Boko Haram jihadists have killed nearly 100 Chadian soldiers in a seven-hour attack on an island army base, in their deadliest assault yet on the country’s armed forces.
President Idriss Deby told Chad television he travelled to the scene of the attack on Tuesday to pay tribute to the 92 dead soldiers, saying it was the first time so many troops had been lost.
The attack early Monday morning in Boma, Lac province, is part of an expanding jihadist campaign in the vast, marshy Lake Chad area, where the borders of Cameroon, Chad, Niger and Nigeria converge.
Boko Haram launched an insurgency in Nigeria in 2009 before beginning incursions in its neighbouring countries to the east.
“We lost 92 of our soldiers, non-commissioned officers and officers,” in the attack in Boma, the president said.
“It’s the first time we have lost so many men,” he said.
The attack on soldiers on the Boma peninsula lasted at least seven hours, and reinforcements sent to help became bogged down and were also targeted, several military sources told AFP.
“The camp is on an island where the ways in were controlled by Boko Haram fighters, they were able to leave as they wanted and without being forced out by the army,” one security official said.
“The enemy has hit at our defences hard in this zone,” the senior officer said.
One military official said army vehicles were destroyed, including armoured vehicles, and captured military arms were carried off in speedboats by Boko Haram.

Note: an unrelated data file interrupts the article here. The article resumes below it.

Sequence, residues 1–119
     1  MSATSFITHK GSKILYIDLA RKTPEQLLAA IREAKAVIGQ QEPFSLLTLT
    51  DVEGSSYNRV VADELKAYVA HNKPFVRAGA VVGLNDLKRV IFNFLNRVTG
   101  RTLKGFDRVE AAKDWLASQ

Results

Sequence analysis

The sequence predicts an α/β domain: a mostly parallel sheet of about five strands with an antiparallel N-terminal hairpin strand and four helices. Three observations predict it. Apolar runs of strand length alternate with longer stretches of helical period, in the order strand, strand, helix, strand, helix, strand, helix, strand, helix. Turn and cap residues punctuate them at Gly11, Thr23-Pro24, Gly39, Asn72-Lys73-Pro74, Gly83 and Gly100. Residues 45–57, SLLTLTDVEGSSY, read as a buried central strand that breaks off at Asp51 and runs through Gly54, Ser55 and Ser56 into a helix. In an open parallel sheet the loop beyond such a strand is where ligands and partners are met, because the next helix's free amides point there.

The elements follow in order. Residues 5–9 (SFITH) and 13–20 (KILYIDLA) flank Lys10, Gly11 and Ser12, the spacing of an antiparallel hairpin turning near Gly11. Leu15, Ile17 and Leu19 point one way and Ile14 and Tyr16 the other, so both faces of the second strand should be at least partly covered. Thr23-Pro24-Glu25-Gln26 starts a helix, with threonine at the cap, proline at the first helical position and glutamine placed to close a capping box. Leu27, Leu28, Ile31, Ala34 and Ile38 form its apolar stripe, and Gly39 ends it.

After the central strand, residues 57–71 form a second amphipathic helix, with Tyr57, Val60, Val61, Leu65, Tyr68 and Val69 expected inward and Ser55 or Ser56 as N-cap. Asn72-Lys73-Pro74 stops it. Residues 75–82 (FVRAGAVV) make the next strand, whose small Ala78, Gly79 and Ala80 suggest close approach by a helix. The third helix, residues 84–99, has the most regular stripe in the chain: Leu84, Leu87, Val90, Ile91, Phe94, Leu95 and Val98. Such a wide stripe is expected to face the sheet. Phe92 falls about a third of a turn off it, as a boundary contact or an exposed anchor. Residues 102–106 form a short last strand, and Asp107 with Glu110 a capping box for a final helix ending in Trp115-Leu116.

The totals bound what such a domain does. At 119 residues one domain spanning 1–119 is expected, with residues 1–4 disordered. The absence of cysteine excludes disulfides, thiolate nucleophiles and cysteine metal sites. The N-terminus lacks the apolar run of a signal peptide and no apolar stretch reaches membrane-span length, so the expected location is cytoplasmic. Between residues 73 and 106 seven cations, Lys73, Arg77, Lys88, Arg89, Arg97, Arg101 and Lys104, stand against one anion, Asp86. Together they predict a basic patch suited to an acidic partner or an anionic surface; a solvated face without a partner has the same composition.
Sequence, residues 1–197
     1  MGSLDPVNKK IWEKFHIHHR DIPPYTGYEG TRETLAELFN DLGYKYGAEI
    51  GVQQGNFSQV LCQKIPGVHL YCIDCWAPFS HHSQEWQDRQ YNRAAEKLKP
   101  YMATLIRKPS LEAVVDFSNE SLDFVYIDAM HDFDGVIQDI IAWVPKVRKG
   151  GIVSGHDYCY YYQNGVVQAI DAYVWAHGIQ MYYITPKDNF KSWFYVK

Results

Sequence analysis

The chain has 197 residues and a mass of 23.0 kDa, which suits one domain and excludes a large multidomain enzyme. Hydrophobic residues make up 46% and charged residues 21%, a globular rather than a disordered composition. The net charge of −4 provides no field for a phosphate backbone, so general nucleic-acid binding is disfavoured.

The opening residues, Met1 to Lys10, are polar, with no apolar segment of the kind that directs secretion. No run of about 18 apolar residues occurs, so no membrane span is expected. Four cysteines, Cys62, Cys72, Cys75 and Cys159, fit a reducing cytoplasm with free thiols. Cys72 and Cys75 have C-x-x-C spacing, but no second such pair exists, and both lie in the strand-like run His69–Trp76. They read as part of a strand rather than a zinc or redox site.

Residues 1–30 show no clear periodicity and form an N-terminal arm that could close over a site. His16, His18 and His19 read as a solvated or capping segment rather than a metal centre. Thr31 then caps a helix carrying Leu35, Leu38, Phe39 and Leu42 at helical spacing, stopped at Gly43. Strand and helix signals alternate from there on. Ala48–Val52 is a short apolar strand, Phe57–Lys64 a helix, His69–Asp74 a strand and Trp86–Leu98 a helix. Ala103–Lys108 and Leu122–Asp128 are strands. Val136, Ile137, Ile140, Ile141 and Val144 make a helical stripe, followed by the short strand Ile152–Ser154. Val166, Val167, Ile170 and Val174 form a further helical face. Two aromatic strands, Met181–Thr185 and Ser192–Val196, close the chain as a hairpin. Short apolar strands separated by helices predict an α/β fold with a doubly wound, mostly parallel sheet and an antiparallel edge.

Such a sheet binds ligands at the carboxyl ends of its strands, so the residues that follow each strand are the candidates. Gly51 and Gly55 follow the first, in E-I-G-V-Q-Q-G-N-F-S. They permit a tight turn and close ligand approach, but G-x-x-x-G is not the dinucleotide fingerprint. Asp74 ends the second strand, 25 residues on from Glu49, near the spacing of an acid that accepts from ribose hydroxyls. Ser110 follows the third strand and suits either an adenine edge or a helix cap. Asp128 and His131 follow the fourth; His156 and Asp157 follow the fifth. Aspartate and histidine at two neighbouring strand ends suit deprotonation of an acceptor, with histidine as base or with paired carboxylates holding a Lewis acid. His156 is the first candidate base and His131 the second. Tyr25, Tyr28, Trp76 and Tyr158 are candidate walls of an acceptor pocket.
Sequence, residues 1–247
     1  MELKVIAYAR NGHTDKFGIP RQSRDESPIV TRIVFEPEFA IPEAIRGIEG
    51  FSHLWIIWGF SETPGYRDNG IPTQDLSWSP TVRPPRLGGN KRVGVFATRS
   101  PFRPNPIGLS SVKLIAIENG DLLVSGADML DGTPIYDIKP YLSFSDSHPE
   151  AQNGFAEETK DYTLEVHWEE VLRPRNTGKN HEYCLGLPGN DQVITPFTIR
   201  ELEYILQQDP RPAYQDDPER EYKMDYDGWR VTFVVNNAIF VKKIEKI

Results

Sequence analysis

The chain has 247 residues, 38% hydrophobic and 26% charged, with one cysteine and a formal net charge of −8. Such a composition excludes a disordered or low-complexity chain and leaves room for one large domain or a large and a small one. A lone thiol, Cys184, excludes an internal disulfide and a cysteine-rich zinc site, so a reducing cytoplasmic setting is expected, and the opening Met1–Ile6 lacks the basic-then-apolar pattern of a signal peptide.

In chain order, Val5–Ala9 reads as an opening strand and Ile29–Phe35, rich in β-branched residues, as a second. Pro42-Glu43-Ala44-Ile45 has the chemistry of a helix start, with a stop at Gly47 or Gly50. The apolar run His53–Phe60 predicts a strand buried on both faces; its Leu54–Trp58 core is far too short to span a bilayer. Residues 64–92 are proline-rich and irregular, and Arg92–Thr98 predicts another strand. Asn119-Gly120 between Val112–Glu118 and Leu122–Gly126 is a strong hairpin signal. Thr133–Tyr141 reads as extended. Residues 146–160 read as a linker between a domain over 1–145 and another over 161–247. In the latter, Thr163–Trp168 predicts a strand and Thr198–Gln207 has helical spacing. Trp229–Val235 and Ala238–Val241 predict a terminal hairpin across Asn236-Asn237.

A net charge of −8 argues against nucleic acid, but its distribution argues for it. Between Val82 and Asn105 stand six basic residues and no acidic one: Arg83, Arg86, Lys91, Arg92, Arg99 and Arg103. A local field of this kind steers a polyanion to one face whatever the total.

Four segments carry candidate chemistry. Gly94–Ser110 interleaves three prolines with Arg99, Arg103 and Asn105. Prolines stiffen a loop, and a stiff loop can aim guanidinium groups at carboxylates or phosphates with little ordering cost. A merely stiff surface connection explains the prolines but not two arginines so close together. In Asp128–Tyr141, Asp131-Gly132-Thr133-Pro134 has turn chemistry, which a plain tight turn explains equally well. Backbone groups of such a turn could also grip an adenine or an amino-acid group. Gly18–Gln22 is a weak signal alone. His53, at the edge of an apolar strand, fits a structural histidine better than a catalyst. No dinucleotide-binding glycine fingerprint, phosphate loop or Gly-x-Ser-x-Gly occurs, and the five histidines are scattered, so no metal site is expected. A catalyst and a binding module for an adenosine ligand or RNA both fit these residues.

The base was taken by surprise by the 5:00 am attack, the official said.
Boko Haram has stepped up its attacks in recent months on the islands of the Lake Chad basin where it takes advantage of the vast terrain to launch assaults.
Boko Haram’s insurgency has killed 36,000 people and displaced nearly two million in northeastern Nigeria since it began, according to the UN.
Since 2015, countries in the region have cooperated in the Multinational Joint Force, a regional coalition engaged around Lake Chad with the help of local residents formed into vigilante groups.
But the regional militaries are struggling to cope with the jihadist insurgency.
In Cameroon, violence increased in 2019 and early 2020. In Cameroon’s Far North, 275 people were killed by jihadist attacks in 2019, most of them civilians, according to a report published by Amnesty International in December.
In Niger, 174 soldiers were killed in three attacks in January and December.